Re: [RFC] prevent "dd if=/dev/mem" crash

From: Andrew Morton <>
Date: 2003-10-18 12:01:04
David Mosberger <> wrote:
> >>>>> On Fri, 17 Oct 2003 17:49:55 -0700, Andrew Morton <> said:
>   Andrew> We _want_ to be able to read mmio ranges via /dev/mem, don't
>   Andrew> we?  I guess it has never come up because everyone uses
>   Andrew> kmem.
> I just don't see how making a "dd if=/dev/mem" safe and allowing
> access to arbitrary physical memory can go to together.  Given that
> /dev/mem _is_ being used for accessing mmio space, is it really worth
> bothering trying to make such a "dd" safe?

Possibly not.  I thought that simply oopsing the kernel was a bit rude, and
fixing ia32 to not do that was relatively simple.

We should, within reason, handle it as gracefully as possible, yes?

>   Andrew> If the hardware doesn't give the system programmer a choice
>   Andrew> then the hardware is poorly designed, surely?
> Emh, we're talking about _physical_ memory accesses here.  AFAIK,
> failures on physical memory accesses are never signaled with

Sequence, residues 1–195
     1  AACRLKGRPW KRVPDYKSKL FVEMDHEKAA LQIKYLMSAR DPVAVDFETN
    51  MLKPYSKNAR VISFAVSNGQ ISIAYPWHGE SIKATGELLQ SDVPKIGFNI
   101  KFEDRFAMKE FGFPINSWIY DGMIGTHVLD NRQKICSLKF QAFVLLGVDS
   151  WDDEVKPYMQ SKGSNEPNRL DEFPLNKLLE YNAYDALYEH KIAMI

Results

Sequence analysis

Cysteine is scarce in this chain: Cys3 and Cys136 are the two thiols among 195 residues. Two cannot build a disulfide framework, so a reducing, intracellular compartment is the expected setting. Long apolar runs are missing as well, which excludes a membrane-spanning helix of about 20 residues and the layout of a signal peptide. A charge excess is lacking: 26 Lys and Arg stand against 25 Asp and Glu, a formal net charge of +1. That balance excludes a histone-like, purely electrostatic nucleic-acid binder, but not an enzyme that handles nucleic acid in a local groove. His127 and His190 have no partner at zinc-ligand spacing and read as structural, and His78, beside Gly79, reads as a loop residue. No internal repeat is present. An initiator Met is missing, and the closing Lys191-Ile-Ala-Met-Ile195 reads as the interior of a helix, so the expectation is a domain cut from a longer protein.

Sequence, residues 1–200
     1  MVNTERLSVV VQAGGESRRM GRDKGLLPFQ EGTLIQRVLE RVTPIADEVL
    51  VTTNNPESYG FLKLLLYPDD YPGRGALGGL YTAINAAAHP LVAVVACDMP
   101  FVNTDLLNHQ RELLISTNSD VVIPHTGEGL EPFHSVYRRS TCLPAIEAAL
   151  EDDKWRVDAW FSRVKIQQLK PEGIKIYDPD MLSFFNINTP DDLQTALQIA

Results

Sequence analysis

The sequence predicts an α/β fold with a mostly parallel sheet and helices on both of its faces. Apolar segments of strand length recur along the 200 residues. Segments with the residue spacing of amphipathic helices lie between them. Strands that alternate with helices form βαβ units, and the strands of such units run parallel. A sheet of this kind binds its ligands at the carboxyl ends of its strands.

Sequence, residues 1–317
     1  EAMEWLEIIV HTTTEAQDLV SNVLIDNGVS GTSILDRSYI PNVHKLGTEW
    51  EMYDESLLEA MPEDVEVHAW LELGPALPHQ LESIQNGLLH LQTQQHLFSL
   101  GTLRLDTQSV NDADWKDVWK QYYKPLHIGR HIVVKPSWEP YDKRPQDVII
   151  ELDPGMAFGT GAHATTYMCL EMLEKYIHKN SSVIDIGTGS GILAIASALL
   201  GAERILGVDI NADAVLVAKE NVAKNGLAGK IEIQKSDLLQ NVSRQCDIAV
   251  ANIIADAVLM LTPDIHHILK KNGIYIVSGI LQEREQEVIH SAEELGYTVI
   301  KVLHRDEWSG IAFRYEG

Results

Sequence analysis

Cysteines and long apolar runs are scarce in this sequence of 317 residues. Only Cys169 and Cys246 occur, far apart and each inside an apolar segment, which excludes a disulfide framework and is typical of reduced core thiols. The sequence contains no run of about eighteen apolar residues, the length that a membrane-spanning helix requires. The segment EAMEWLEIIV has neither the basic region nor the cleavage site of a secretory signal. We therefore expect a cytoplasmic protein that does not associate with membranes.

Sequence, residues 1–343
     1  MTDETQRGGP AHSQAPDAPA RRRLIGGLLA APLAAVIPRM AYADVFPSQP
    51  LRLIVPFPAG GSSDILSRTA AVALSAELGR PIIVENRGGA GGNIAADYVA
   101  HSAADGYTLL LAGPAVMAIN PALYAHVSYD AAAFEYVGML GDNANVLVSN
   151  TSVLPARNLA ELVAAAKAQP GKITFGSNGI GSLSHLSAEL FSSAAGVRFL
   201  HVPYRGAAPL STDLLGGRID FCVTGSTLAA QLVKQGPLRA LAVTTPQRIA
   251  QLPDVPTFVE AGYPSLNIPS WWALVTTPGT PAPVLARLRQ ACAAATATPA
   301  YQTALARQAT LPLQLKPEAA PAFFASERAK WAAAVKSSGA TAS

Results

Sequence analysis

> synchronous faults (not on any reasonably modern high performance
> architecture, at least).  Loads probably _could_ be signalled
> synchronously, but consider stores: would you really want to wait with
> retiring a store until it has made it all the way to some slow ISA
> device?  I think not (IN/OUT do that).  No, modern CPUs check the
> TLB/page-table and if that check passes, they'll _assume_ the memory
> access will complete without errors.  If it doesn't, they signal an
> asynchronous failure (e.g., via an MCA).

If the not-present memory is marked cacheable and/or writeback then yes,
but that would be an odd thing to do, wouldn't it?

It the memory is mapped noncacheable then a synchronous error on a read
sounds reasonable.  A synchronous error on a write would assume that the
noncacheability affects the write buffers and IIRC that usually doesn't

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Received on Fri Oct 17 22:01:44 2003

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